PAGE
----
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A Global Map of Jupiter’s Biggest Moon

February 13, 2014
An amazing time

Making the map of Ganymede was a long and complex task. Some of the scientists behind today’s announcement were graduate students and postdocs at Brown when the Galileo data began to arrive in the 1990s. Credit: U.S. Geological Survey

Scientists, including Brown University geologists and students, have completed the first global geological map of Ganymede, Jupiter’s largest moon and the largest in the solar system. The work, led by Geoffrey Collins, a Ph.D. graduate of Brown now a professor at Wheaton College in Massachusetts, took years to complete.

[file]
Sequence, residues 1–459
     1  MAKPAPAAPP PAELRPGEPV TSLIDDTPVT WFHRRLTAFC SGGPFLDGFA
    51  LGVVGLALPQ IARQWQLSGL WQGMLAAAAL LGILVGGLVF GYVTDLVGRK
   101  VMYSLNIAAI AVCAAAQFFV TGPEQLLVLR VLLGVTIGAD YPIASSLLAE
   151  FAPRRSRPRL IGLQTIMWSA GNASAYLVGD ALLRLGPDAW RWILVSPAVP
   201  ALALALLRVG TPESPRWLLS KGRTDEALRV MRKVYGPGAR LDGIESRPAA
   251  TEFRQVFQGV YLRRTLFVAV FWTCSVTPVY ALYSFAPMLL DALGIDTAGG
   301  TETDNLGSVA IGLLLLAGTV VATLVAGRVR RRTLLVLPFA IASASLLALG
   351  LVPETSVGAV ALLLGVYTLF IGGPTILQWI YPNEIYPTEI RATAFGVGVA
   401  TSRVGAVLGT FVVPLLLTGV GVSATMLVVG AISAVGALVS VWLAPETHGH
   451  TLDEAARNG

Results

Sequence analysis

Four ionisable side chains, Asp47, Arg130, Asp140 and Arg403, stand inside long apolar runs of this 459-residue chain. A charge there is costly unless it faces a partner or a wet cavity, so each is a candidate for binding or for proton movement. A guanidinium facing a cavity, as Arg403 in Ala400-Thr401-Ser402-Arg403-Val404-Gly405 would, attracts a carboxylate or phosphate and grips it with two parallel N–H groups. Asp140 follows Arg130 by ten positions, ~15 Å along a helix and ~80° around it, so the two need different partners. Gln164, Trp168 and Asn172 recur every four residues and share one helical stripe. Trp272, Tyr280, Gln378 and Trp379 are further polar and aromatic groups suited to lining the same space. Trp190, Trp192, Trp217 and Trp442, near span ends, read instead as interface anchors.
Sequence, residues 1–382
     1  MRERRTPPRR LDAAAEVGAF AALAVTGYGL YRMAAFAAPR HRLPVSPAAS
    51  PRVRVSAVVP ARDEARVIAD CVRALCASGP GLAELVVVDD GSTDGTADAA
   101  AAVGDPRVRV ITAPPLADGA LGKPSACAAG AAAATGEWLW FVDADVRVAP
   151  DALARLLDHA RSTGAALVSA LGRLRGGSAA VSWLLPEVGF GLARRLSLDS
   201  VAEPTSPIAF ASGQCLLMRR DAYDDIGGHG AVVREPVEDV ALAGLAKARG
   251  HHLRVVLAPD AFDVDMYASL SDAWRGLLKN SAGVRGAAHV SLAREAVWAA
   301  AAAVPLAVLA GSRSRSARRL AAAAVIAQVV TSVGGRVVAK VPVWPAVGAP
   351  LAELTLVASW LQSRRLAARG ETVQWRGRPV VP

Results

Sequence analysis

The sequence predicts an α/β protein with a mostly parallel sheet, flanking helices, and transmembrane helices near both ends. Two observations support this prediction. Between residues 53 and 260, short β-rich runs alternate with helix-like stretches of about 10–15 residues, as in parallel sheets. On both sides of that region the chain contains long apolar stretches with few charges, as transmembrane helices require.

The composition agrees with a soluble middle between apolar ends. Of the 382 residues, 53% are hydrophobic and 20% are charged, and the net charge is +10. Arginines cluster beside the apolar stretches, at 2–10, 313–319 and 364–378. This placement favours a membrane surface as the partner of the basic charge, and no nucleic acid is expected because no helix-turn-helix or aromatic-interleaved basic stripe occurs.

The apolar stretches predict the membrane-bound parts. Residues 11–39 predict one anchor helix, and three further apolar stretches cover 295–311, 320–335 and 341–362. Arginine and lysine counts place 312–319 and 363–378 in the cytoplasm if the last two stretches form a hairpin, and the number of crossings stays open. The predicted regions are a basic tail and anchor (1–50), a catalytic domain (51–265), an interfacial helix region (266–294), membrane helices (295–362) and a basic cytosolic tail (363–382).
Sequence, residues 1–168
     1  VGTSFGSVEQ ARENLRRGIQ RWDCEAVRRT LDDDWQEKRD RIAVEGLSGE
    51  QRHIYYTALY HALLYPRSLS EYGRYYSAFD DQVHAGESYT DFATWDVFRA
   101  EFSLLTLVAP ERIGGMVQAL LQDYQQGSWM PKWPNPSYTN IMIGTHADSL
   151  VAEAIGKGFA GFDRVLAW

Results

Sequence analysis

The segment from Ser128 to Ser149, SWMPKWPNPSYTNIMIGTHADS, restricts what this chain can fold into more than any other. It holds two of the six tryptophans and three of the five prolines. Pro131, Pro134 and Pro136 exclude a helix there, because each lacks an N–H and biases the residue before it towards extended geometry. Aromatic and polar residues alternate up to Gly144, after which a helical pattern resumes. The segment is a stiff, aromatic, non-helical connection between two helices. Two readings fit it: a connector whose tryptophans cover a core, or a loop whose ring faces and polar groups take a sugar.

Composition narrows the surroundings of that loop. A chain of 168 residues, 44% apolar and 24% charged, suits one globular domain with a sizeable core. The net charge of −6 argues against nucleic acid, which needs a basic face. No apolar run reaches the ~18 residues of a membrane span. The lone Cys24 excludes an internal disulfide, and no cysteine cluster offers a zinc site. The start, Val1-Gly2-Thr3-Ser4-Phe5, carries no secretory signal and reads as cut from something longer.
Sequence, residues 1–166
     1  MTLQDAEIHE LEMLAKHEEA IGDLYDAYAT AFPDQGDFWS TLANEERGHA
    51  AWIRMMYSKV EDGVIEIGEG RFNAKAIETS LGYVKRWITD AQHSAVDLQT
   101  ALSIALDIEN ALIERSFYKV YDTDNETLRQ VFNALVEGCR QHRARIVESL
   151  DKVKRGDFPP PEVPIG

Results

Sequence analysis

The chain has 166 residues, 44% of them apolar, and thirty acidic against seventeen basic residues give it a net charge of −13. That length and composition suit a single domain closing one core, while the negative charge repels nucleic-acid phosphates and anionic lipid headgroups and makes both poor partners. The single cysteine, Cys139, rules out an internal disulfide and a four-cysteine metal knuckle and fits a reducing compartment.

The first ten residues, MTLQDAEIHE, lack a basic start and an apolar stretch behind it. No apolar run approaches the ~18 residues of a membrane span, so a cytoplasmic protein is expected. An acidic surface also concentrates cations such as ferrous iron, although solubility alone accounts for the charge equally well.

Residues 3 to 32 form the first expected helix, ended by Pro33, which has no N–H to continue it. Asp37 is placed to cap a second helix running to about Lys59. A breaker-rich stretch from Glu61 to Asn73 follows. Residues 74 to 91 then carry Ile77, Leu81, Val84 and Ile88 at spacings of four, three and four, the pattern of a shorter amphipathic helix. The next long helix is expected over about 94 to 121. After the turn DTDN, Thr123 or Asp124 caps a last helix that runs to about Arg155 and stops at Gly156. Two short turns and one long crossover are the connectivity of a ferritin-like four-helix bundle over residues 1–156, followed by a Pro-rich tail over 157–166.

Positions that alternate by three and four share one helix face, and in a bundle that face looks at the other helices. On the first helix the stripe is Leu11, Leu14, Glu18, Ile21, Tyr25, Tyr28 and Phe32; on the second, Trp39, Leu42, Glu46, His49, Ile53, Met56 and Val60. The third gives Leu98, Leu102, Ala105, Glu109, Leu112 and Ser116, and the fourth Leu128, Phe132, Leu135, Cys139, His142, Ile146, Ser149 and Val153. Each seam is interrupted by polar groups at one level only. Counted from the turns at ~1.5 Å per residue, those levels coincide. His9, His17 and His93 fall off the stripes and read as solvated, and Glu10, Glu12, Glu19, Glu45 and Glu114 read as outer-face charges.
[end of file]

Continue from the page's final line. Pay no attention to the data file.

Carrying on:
With its varied terrain and possible underground ocean, Ganymede is considered a prime target in the search for habitable environments in the solar system, and the researchers hope this new map will aid in future exploration. The map was published by the U.S. Geological Survey.

“It is very rewarding to see the results of all of our efforts here at Brown come together into this integrated global compilation that will now be used to plan the next phase of scientific exploration of the Galilean satellites,” said Jim Head, the Scherck Distinguished Professor of Geological Sciences at Brown and one of the map’s co-authors.

Read more of Kevin Stacey's story on the global map of Jupiter's biggest moon.